Author Archive | Prof. Rick Sander, guest-blogging

Rational Discourse and Affirmative Action

On Friday I discussed a body of research – all of it uncontroverted – that documents a serious flaw in affirmative action programs pursued by elite colleges. Students who receive large preferences and arrive on campus hoping to major in STEM fields (e.g., Science, Technology, Engineering and Math) tend to migrate out of those fields at very high rates, or, if they remain in those fields, often either fail to graduate or graduate with very low GPAs. There is thus a strong tension between receiving a large admissions preference to a more elite school, and one’s ability to pursue a STEM career.

Is it possible for contemporary American universities to engage constructively with this type of research? Recent events at Duke University suggest not.

The Duke study I described in Friday’s post (by economists Peter Arcidiacono and Esteban Aucejo, and by sociologist Ken Spenner, all of Duke) was motivated by an important question: do students who receive large admissions preferences “catch up” with their peers over their college years? This ties into an important premise of many preference programs – i.e., that the rich resources of an elite university will help to phase out prior preparation gaps between students of different races. Aggregate data at Duke suggested that the GPA gap across racial groups was, indeed, narrowing as college progressed, from over half-a-point black/white GPA gap in the first semester, to less than three-tenths of a point by the eighth semester.

Using data gathered by the university, Arcidiacono et al found that this narrowing was illusory. Courses taken by juniors and seniors were graded very leniently, and, more importantly, students who had bad grades in their freshmen year migrated in large numbers from STEM fields and economics to other majors, which generally had easier grading. When one adjusted for these [...]

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The Problem of “Science Mismatch”

Some of the most significant recent work on affirmative action concerns a phenomenon called “science mismatch”. The idea behind science mismatch is very intuitive: if you are a high school senior interested in becoming, for example, a chemist, you may seriously harm your chances of success by attending a school where most of the other would-be chemists have stronger academic preparation than you do. Professors will tend to pitch their class at the median student, not you; and if you struggle or fall behind in the first semester of inorganic chemistry, you will be in even worse shape in the second semester, and in very serious trouble when you hit organic chemistry. You are likely to get bad grades and to either transfer out of chemistry or fail to graduate altogether.

This idea was  first advanced by Dartmouth psychologist Rogers Elliott (and coauthors) in 1996, and using data from several Ivy League schools, he demonstrated that, indeed, attrition rates from the sciences were highly associated with comparatively lower academic preparation, which in turn was highly associated with receiving an admissions preference. His data suggested that a given student was far more likely to achieve a science degree if she attended a school where her pre-college credentials were close to the median science student.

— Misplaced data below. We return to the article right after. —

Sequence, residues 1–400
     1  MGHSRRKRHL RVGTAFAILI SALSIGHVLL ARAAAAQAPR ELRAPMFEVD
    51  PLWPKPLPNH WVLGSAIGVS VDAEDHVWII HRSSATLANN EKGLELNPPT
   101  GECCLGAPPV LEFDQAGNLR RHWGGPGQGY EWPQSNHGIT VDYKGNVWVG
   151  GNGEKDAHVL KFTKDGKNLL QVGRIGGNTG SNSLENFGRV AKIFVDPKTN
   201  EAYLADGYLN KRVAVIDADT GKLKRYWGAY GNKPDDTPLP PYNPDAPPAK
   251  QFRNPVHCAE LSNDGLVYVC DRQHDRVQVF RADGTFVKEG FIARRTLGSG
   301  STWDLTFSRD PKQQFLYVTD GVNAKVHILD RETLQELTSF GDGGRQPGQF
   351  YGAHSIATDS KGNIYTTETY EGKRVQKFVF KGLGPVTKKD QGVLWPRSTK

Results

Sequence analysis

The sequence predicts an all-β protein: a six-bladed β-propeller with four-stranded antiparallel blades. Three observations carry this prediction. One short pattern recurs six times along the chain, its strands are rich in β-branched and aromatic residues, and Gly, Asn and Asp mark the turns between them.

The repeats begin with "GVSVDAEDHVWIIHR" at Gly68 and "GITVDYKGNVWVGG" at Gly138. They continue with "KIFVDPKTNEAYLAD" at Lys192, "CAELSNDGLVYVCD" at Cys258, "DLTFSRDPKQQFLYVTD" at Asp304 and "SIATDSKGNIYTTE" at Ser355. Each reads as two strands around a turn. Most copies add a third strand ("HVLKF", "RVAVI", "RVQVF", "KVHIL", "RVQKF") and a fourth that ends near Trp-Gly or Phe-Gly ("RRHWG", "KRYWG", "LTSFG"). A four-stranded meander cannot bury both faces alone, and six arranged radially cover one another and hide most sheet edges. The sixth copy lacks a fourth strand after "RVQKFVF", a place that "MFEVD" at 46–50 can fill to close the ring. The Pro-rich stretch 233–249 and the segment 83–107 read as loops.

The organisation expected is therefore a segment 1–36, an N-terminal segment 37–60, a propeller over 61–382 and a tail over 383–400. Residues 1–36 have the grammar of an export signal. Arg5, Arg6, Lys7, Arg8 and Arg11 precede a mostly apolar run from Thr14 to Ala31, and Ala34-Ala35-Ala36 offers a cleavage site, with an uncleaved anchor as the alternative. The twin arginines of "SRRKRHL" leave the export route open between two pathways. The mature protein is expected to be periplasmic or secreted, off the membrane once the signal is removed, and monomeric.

Virginia psychologists Frederick Smyth and John McArdle provided an even stronger demonstration of these points in a 2004 article. Making use of the same data Bowen & Bok used in Shape of the River, they were able to compare similar students who were interested in “STEM” fields (an acronym for science, technology, engineering and math), and who attended schools with either similar peers, somewhat more prepared peers, or much more prepared peers. Smyth and McArdle found strong evidence of science mismatch. Among their key conclusions: had [...]

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Whatever Happened to the Mismatch Effect?

As some readers will recall, a little more than seven years ago I published an analysis of law school affirmative action in the Stanford Law Review. The article was the first to present detailed data on the operation and effects of racial preferences in law schools (focusing on blacks).

I also laid out evidence suggesting that large preferences seemed to be worsening black outcomes. I argued that this was plausibly due to a “mismatch effect”; students receiving large preferences (for whatever reason) were likely to find themselves in academic environments where they had to struggle just to keep up; professor instruction would typically be aimed at the “median” student, so students with weaker academic preparation would tend to fall behind, and, even if they did not become discouraged and give up, would tend to learn less than they would have learned in an environment where their level of academic preparation was closer to the class median.

I suggested that the “mismatch effect” could explain as much as half of the black-white gap in first-time bar passage rates (the full gap is thirty to forty percentage points). I also suggested that “mismatch” might so worsen black outcomes that, on net, contemporary affirmative action was not adding to the total number of black lawyers, and might even be lowering the total number of new, licensed black attorneys.

The article generated intense interest, debate, and criticism, though even most critics conceded that I had gotten the facts right. Several well-known empirical scholars in law schools published essays that purported to disprove the mismatch hypothesis. For awhile, many defenders of affirmative action seemed to assume that the article would inevitably provoke a crisis in legal academia, and while attempting to seize the moral high ground in the debate, they attracted even more publicity to [...]

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